Recipe For Franchise Success: Amsterdam’s Falafel Shop


Amsterdam Falafel Shop logo

For those in the restaurant industry, “franchise” is a four letter word. You’d be hard pressed to find James Beard award-winning chefs behind the counter of a chain restaurant.


Or would you?


Scott Bennett, formerly of award-winning Cashion’s Eat Place in Washington, D.C. and his wife, Arianne, started franchise Amsterdam Falafel Shop seven years ago for one reason: because they, “never found good falafel in the U.S.,” says Arianne.


These days, Amsterdam Falafel Shop’s original Adams Morgan location in D.C. has earned its fair share of positive press, from Yelp to the Washington Post, heralding the franchise location as one of the best places for tasty late night food.  In all honesty, Amsterdam Falafel Shop is much, much more than that.


“What is lacking in fast food and franchising is fresh, nutritious food,” says Arianne Bennett, President and CEO. Her husband, Scott, serves as Chairman.


The franchise sells only two major items: falafel balls and French fries. Specializing in these two menu offerings allows Scott, Arianne and the franchise’s other employees to focus on making things fresh, homemade and to order.


“Balls take three minutes,” says Arianne of the falafel balls which are “all fresh ground, fried right in front of you,” Arianne adds. From there, the falafel balls are served in a split open pita, which is baked right around the corner from a local bakery. Then it’s up to the customer what happens next.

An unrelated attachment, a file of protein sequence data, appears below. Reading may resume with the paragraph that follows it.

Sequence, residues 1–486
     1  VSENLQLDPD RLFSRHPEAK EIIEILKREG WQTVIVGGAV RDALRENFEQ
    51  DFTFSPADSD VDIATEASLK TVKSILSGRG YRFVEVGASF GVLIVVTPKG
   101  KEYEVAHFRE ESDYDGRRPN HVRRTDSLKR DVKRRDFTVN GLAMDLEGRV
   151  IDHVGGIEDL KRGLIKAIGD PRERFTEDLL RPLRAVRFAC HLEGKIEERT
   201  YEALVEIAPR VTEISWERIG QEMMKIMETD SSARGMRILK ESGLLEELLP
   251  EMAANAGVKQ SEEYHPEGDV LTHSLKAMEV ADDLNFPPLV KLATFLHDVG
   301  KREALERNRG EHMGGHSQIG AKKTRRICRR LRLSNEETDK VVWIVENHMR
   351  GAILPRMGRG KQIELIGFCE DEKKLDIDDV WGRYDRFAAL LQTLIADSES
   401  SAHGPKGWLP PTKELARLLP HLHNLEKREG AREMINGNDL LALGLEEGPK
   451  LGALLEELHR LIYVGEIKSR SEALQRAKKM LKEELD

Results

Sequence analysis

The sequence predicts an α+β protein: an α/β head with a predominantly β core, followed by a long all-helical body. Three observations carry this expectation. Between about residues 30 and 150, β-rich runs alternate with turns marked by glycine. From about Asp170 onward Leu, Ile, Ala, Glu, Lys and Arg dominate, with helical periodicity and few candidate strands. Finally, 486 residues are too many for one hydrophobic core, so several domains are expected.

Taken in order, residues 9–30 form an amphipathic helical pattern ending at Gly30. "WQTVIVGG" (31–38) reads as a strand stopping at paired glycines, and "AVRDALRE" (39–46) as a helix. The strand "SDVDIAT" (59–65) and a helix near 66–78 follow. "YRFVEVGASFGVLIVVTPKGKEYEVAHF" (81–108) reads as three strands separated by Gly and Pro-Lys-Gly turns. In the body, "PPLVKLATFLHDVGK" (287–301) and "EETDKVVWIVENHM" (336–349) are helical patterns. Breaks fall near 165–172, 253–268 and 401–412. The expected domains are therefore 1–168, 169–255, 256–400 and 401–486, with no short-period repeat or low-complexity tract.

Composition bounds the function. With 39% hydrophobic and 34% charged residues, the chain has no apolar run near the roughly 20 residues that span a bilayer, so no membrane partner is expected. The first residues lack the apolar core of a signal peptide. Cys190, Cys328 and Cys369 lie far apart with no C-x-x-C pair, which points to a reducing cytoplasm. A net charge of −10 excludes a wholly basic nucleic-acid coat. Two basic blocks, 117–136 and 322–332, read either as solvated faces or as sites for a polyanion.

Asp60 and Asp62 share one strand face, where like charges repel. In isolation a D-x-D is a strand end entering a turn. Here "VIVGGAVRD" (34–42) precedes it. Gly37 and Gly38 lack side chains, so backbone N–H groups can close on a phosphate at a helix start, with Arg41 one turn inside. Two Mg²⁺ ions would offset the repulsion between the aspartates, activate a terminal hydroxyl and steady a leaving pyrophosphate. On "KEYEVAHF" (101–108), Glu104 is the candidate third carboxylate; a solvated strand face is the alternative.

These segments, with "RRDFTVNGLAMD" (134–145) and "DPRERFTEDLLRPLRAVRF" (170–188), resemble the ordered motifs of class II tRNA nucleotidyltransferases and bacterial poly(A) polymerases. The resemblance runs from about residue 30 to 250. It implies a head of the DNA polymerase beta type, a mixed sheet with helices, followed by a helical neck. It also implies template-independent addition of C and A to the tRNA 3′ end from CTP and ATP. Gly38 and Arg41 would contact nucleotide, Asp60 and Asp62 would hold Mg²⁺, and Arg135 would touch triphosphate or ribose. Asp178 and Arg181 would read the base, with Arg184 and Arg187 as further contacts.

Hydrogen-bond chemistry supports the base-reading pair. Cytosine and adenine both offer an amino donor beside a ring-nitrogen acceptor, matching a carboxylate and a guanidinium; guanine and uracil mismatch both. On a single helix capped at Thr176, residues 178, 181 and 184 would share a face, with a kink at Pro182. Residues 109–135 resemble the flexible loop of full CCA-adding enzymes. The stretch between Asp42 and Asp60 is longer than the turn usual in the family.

“In a lot of places you point through a glass at what you want and they swipe it on,” says Arianne of her competitors. Such is not the case at Amsterdam Falafel Shop. The 22 toppings bar is completely self-serve and full of pickly, garlicky, and yummy items that are all made in-house (except for two traditional items imported from the Middle East). Tiny tasting forks allow customers to try out dips, spreads and other toppings before adding it to their pita. Arianne likes that her customers have complete control of what and how much goes into their falafel creations.


Foodies, vegans, vegetarians and people who just like good food frequent the Amsterdam Falafel Shop. It’s no wonder the same types of people with a passion for fresh food, flavors and falafel are interested in becoming franchise owners, too.


Though Scott and Arianne have never been franchisees before, they’re certainly on the right track to becoming excellent franchisors. “We don’t ask our franchisees to do anything we haven’t done ourselves,” she says.


Ideal Amsterdam Falafel Shop franchisees have restaurant experience, “so they know what it’s like to be an active participant,” she explains, referring to franchisees who are hands-off managers or owners.


“We want people who will have a sense of pride in their business,” Arianne says. Employees can’t help but be affected by their franchisee bosses, and the Bennetts want that to be in a good way. Admittedly, employees aren’t making a six-figure salary, but if they really enjoy coming to work, that’s the next best thing. Plus, happy employees stick around longer, lending to the franchise’s non-chain vibe.


“We’re also looking for people who are always asking, ‘Can we do this better?’” Unlike so many franchises where franchisees are told what to do instead of invited into the boardroom, Amsterdam Falafel Shop wants forward-thinking dynamos. “We want your restaurant like an individual entrepreneur’s, not a franchise.”


Contact Franchise Clique if you’re interested in becoming an Amsterdam Falafel Shop franchisee.